If Siena is in line to join the schools that are forming a new conference unofficially dubbed the “Catholic 7,” that’s news to Siena athletic director John D’Argenio.
A story by John Feinstein in Saturday’s Washington Post speculated that the sixth member of a six-team East Coast division of the conference would come down to Richmond or Siena, in large part because the Saints’ home arena, the Times Union Center, has a large seating capacity.
D’Argenio said on Sunday that he had read the story, but the school had nothing to do with its name appearing in it.
“Nobody told us,” he said. “We haven’t reached out to them, and nobody has reached out to us. It’s an interesting article and a fun thing to read, but I don’t know if there’s any validity to it.”
The new conference is supposed to include Big East defectors Georgetown, St. John’s, Villanova, Seton Hall, DePaul, Marquette and Providence.
Feinstein wrote that Dayton, Xavier, Saint Louis and Butler are “virtual locks” to be invited, bringing the total to 11. Conference organizers want 12.
D’Argenio said his take on the article was that the Siena reference perhaps was rooted more in speculation by Feinstein than any substantive information.
“I kind of got that impression,” he said. “He was talking to people, and speculating.”
The Saints, meanwhile, are having enough problems in the Metro Atlantic Athletic Conference.
Siena was crushed by Loyola, 80-57, on Saturday night, the Saints’ worst conference home loss since a 98-73 setback to Manhattan at the Alumni Recreation Center in 1994, and the worst MAAC loss ever at the TU Center.
That dropped Siena to 4-12 in the MAAC and 6-21 overall, only the third time in program history that the Saints have lost 20 games in a season.
Compounding the loss was an ongoing verbal clash in the second half between third-year head coach Mitch Buonaguro and star forward O.D. Anosike, Siena’s captain and only senior.
Buonaguro pulled Anosike seven minutes into the second half with Siena down by 20, and as it became clear that Anosike, Siena’s leading scorer and one of the top rebounders in the country, wasn’t going to get back into the game, he and Buonaguro began to exchange words during timeouts.
It came to a head late in the game, prompting assistant coach Craig Carter to escort Anosike to the end of the bench for a conference.
After the game, Buonaguro downplayed the series of incidents, saying, “It was nothing. Yeah, I think there was a frustration level on his part. He wants to win . . . It wasn’t a big deal.”
Anosike seemed disappointed, but not angry, during the post-game lockerroom interview.
“I’m not exactly sure why I didn’t play that much in the second half,” he said. “He’s the head coach. I have to respect his decision.”
As of Sunday afternoon, D’Argenio said he hadn’t spoken to Anosike and had briefly talked to Buonaguro in the morning, and chalked the whole thing up to the raw nerve of a dismal season temporarily exposing itself during an emotional point in the game.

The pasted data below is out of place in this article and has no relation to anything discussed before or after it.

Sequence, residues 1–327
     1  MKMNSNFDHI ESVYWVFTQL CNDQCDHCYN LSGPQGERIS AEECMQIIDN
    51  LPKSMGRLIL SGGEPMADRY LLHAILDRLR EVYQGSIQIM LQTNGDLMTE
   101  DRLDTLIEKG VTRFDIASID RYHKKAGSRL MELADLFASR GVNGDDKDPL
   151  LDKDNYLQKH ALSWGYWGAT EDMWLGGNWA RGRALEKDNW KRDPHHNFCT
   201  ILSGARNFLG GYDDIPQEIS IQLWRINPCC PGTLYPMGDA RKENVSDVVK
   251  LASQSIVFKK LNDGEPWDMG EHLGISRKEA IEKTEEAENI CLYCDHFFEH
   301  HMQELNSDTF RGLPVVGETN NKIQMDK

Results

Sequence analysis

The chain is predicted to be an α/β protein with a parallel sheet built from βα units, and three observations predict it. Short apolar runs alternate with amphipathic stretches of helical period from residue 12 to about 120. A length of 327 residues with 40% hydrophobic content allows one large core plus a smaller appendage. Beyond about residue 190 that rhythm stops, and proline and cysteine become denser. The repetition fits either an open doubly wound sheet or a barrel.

“At this time of year, with the type of season we’ve been having, there’s frustration on everybody’s part,” D’Argenio said. “I’m hoping the two folks will iron out any differences they might have. When you’re having a rough year, those type of things are more pronounced. That’s what I think of it as, a heat-of-the-moment thing during a season where something can boil up.”
Buonaguro is in the third year of a four-year contract, and D’Argenio said his job status will be evaluated after the season, as it is under any circumstances.
In this case, the circumstances are that Siena’s record has gotten progressively worse this year after seasons that weren’t far below .500, but nevertheless were losing ones in the wake of a spectacular five-year run by Fran McCaffery, for whom Buonaguro served as lead assistant.
“From a wins and losses standpoint, we’re disappointed,” D’Argenio said. “We thought, coming into the season, that we were going to take a step forward, but the record says that we haven’t.
“I think everyone in our league goes through a down cycle. What you want to do is minimize it so that you’re not doing it every three, four years. That’s the treadmill you’re trying to get off of.”
“I can’t worry about that now; I’m not even thinking about it,” Buonaguro said on Friday, of his job status.
D’Argenio said he’s aware of criticism and complaints from fans, but believes that the majority of Siena supporters will continue to maintain a positive view of the men’s basketball program.
“You get the same group of people that hammer it home, and another group that understands the history of the program and write emails and letters,” he said. “You’ll see them at games, and they’ll talk to you, they’re willing to sign their name to a thought, which I appreciate. The first group that likes to tweet is a much smaller one.”
The obvious areas that can be affected by a string of losing seasons are ticket sales and player recruiting.
D’Argenio said that, at Siena, it goers to an even higher level than that, “because the college’s strategic plan overall puts the success of the basketball program as a way to promote the whole college, not just the athletic department. Yes, we want to see the slope going upward to the point where we can think about winning the league. When it’s going down, it is a concern.”
One thing the school is planning to do to enhance the men’s and women’s basketball programs, but also the athletic department as a whole, is refurbish the basketball locker rooms into better appointed suites, create a separate basketball practice facility by walling off a third of the ARC and renovating and improving the training and strength/conditioning facilities.
There are no plans to build a bigger basketball gym on campus.
“The men’s team is not coming back on campus,” D’Argenio said. “The great differentiator between us and other schools in our conference is the Times Union Center.”